Matthew Stewart reviews The Kentish Rebellion by Robert Selby (Shoestring, 2022)
Why do we study History? This question might be an old chestnut and many of us would claim to know the answer off by heart, but it appears certain politicians and fellow citizens could do with a reminder every now and then in light of the forthcoming Bonfire of the Humanities at schools, colleges and universities. And that’s without mentioning the daily invoking and twisting of terms such as the Blitz on social and mass media. In other words, if critics or readers wish to question the relevance of Robert Selby’s new book, The Kentish Rebellion, due to the fact it largely devotes its pages to the portrayal of a series of distant events from the English Civil War, they’ll be hugely mistaken.
To start with, the book’s title offers a set of pivotal implicit questions, using the specific to take the reader into the universal. On the one hand, what did the word ‘rebellion’ mean in the past, and what does it mean in 2022; what were its ramifications then, and what are they now? And on the other hand, what did it mean to be Kentish? What separate identity did that term invoke? And what does it entail nowadays?
Selby sets about addressing the above questions via the use of clever juxtaposition. In linguistic terms, he pits different registers against each other, while the themes are explored through anachronisms so as to invite comparisons and contrasts with the present. One excellent example of this technique can be found in the opening lines to ‘VII’:
Keep going down Week Street, all the way
to KFC, turn left past Poundland
into another century. A chapel
gallant on a green, dedicated to a girl
of Aquitaine the Romans barbecued
for her faith, used by the Dutch till Laud,
some of the boards across its vacant windows
knocked off from inside,
and Fairfax stepping
into the gunsights peeping through,
one hand upraised, clutching white truce
soaked in the still-teeming rain that bedims him [ … ]
Beyond the clear shifts in his narrative’s timeline, Selby’s use of language is especially interesting in this extract. He takes the term ‘gallant’, for instance, which was once loaded with societal connotations, follows it up with the jarringly contemporary, slang-infused invocation of a person being ‘barbecued’, and then finishes off with ‘upraised’ and ‘bedims’, two words that feel far more connected with the language of the past than of the present. Via these juxtapositions, he blurs temporal differences, bringing the separate periods together.
Selby hints at the presence of decline, at the role of that decline in generating rebellion and confrontation, at how leaders attempt to manipulate the masses, and how this issue pervades both the past and the present
Moreover, in the above quote’s allusion to KFC and Poundland, Selby hints at the presence of decline, at the role of that decline in generating rebellion and confrontation, at how leaders attempt to manipulate the masses, and how this issue pervades both the past and the present. In this context, the collection’s closing poem, ‘On the Lord General Fairfax’s Coat at Leeds Castle, Maidstone’, becomes pivotal:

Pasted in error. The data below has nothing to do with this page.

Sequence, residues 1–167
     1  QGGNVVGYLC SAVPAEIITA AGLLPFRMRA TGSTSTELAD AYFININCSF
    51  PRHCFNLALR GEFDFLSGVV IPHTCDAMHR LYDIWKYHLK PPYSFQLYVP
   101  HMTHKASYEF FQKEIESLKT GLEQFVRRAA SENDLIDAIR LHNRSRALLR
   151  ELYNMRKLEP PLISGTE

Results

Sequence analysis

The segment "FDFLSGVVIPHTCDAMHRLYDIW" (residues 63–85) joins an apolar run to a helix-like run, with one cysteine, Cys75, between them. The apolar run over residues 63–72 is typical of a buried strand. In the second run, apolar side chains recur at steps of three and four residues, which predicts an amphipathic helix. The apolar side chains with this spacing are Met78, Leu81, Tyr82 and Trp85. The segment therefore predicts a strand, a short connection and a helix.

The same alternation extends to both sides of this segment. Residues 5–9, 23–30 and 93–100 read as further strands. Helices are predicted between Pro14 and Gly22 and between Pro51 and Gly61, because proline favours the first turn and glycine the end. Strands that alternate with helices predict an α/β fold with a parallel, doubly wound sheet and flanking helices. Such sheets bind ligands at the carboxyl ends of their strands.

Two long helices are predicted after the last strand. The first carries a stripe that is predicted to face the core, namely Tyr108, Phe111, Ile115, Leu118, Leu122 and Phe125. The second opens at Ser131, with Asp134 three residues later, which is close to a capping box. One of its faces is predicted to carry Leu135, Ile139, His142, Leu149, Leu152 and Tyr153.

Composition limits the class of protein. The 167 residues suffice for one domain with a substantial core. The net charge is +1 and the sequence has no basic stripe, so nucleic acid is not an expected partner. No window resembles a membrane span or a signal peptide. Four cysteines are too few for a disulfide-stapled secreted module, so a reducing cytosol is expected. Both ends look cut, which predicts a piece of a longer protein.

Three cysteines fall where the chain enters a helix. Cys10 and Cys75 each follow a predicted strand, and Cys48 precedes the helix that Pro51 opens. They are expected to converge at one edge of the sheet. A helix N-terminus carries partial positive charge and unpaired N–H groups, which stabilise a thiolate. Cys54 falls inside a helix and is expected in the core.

For a few sand grains of your transience,
your infamy in arms through Europe rang.
Now eyes undaunted pass over your swanky doublet
in search of café or shop, maze or grotto.
outlasting you—who are dust, a dummy torso—
is not your name but a sartorial vanity, up-lit,
while Public Fraud, in new clothes that always fit,
stokes hydra heads of rebellions you cannot quell.
The sentence structures here are complex, almost old-fashioned, yet placed alongside terms with contemporary connotations such as ‘swanky’. And then the ‘doublet’, an anachronistic term in itself, is juxtaposed with the present-day shops that visitors browse.
However, the poem’s crux, and that of the collection itself as a whole, lies in the invocation of hydra heads of rebellion. The reader is invited to consider not only the Kentish Rebellion itself, but also more modern social and political unrest. Brexit, for instance, comes to mind through the mention of Europe, all in the implicit awareness that Kent was a key leave-voting county.
The reader is invited to consider not only the Kentish Rebellion itself, but also more modern social and political unrest
In light of the above, it’s worth asking a couple of pretty much rhetorical questions. How many contemporary UK poets actively and regularly engage with history as a subject matter in their poetry? Of course, the answer would be that very few do so, and for that reason alone, Robert Selby’s collection immediately acquires significance.
Nevertheless, its importance grows further once the reader starts to worry away at their own consequent doubts over the nature of authority and power over society, accompanied by further questions about identity, about what it means to be European, British, English or even Kentish. In other words, while The Kentish Rebellion might seem only to focus on events that took place centuries ago, its ramifications reach into the present and then into the future. We ignore them at our peril.
Matthew Stewart works in the Spanish wine trade and lives between Extremadura and West Sussex. Following two pamphlets with HappenStancePress, his first full collection, The Knives of Villalejo, was published in 2017. More recent poems have featured in The Spectator, The New European and Wild Court. Read Matthew Stewart’s blog Rogue Strands here.